Knuble says officials need to "work a miracle" on Winter Classic ice

Jan 1, 2011

With players and coaches and media members and fans trying to kill a rainy and dreary Saturday afternoon in Pittsburgh, there was plenty of time for media members to ask coaches and players about weather and ice and routine. Mostly, players said the switch to a night start will make their routine a lot more familiar and manageable, making the Winter Classic feel even more like just a regular regular-season game. And mostly, they said everything would work out with the ice.

Some, though, admitted that they had serious concerns after skating on the Heinz Field ice on Friday afternoon.

"Honestly, yeah," Mike Knuble said, when asked if he had safety concerns during Friday's practice. "I mean, there were holes. A lot. Not just one or two. And potential for a lot more, if you get 10 guys skating, playing at a pace of an NHL game. Yesterday, I don't know. I don't know about yesterday. I think they're all smart enough. I mean, I know there's a lot of money involved in this thing, and I know everybody's got a lot of time spent, energy, dollars spent, but they're not gonna risk our players. The GMs wouldn't do that. So we'll see. They've got to work a miracle, and I'm sure they will."

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The NHL is removing thousands of gallons of water from the playing surface, which sounds terrifying. But moving the start to night will, at least, take the sun out of the equation as a problem, and Caps Coach Bruce Boudreau suggested that was a major plus.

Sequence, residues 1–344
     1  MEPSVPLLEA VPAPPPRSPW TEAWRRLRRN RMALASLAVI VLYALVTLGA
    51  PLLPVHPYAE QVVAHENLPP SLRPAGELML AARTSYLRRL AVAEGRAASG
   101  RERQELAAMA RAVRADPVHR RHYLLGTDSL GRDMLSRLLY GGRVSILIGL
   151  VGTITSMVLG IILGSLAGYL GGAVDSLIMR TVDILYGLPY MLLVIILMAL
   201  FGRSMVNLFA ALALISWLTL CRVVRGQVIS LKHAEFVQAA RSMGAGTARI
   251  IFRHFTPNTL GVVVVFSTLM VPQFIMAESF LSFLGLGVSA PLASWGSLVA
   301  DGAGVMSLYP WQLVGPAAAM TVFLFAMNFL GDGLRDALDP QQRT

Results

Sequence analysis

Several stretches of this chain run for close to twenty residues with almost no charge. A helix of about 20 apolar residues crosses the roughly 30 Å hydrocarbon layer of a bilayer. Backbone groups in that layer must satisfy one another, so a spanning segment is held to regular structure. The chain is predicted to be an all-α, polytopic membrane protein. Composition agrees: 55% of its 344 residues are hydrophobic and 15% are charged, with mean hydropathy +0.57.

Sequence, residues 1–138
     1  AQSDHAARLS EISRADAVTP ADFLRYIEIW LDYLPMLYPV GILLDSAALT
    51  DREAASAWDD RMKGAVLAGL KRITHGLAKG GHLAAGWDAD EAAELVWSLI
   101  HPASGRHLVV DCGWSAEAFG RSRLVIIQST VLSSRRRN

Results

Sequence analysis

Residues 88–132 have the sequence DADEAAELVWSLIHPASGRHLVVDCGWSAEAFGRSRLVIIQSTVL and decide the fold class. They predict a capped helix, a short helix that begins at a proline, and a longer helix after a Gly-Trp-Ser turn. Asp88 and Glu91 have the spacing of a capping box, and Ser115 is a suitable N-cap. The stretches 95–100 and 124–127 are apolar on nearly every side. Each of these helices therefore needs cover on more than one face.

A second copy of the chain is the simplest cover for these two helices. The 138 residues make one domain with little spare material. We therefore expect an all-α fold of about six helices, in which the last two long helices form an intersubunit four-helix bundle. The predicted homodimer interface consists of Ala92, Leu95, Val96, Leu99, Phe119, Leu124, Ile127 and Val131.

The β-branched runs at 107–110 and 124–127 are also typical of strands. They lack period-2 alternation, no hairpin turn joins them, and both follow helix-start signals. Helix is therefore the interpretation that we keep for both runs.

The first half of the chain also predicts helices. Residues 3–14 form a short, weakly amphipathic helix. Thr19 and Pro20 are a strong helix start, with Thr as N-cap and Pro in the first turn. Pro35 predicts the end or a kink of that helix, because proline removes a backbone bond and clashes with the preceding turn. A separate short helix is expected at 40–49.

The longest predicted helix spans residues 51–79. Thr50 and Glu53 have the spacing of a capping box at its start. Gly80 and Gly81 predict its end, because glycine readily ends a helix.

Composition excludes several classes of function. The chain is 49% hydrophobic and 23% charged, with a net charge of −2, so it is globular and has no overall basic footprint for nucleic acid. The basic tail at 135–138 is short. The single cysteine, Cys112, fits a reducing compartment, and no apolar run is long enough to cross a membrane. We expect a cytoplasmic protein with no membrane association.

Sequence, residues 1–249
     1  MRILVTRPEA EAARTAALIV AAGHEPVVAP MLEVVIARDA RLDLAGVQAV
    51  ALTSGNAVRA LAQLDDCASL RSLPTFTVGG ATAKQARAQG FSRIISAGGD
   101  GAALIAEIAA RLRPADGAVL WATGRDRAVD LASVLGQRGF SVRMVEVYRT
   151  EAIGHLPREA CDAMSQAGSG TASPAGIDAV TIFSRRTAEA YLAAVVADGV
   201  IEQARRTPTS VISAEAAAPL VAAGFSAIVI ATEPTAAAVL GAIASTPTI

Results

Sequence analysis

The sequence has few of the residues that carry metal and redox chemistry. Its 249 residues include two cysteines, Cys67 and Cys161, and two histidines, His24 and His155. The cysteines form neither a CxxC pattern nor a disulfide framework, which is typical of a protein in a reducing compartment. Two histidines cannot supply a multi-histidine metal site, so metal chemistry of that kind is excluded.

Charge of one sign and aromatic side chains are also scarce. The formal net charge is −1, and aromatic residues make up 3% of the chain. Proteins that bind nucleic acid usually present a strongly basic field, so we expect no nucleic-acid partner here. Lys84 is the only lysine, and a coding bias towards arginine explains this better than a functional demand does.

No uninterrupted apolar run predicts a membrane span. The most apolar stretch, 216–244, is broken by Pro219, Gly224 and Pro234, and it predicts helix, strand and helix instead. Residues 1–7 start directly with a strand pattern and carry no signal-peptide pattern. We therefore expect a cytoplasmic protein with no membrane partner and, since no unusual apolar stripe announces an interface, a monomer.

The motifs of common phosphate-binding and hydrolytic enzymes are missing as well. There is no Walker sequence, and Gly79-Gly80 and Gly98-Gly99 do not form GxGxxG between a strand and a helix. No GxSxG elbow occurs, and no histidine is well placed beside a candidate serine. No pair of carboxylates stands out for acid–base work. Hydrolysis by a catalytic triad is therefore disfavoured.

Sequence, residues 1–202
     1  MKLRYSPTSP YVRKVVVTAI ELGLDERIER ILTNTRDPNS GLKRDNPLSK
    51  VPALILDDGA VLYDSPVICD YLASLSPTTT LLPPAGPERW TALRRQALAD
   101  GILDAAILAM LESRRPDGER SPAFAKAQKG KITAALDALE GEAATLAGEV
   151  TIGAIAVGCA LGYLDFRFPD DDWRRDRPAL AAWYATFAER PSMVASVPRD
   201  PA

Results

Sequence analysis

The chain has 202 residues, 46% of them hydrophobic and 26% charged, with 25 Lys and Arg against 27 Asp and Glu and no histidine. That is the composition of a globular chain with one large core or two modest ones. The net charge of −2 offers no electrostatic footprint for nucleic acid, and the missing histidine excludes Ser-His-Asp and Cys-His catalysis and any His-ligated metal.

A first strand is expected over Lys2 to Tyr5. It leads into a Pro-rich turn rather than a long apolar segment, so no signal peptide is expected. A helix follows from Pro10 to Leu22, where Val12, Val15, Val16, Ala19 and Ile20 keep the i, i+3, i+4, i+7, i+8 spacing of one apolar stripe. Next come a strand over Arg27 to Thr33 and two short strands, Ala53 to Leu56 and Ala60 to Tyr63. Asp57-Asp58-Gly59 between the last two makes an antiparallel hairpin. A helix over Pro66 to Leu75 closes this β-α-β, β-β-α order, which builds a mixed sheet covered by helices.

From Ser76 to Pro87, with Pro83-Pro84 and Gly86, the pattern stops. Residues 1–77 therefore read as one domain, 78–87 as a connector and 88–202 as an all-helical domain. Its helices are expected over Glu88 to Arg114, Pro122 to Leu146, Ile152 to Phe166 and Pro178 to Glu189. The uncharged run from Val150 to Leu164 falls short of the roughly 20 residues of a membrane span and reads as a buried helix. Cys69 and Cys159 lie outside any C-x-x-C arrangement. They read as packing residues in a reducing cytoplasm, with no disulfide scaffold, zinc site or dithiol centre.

"If it was sunny as it was yesterday when we practiced at that time, that sun was coming up, that ice was melting faster than Frosty the Snowman," the coach said on Saturday. "The sun was so bright in that one spot, you couldn't freeze the ice."

While a good number of fans here are constantly refreshing meteorological sites on their handhelds while watching bad college football games, Pens Coach Dan Bylsma said the team's coaches are "not checking the weather forecast." And plenty of players said that once they started skating, they couldn't afford to worry about the ice.

"I think that the league's smart enough to know that they're gonna do whatever they can to protect us and make sure that the ice is at its best," Matt Cooke said. "And whether that means playing at 8 o'clock or waiting or whatever, whatever it means. The league's doing the right thing by not putting us out there at risk."

"Honestly, I don't think about that stuff, at all," Pittsburgh winger Craig Adams added. "I know other guys do maybe a little bit, but it doesn't really cross my mind until after the fact, until after you have three guys out with groin injuries. Having said that, the ice crew I'm sure will get the ice in great shape."

"I mean, everybody's in the same boat so you can't be worrying about it and everybody else is passing you by," Knuble said. "As you get in the game, you'll really concentrate on what you're trying to do. So that'll go out the window. You probably have to simplify your game as a player. It may negate some skill out there, especially if it's really rough and bumpy and passes will be mishandled. [But] we'll all be in the same boat. They're in the same boat. They'll mishandle as many as we will."

(Knuble also had the best quote I heard on this day, on a completely unrelated subject. Someone asked him to compare the Penguins' new digs to the old, musty Igloo. "Nice building, good locker rooms," he said. "You don't feel like you're being poisoned by asbestos all the time and picking up funk off the floor and getting warts off the floor." Those are good things.)



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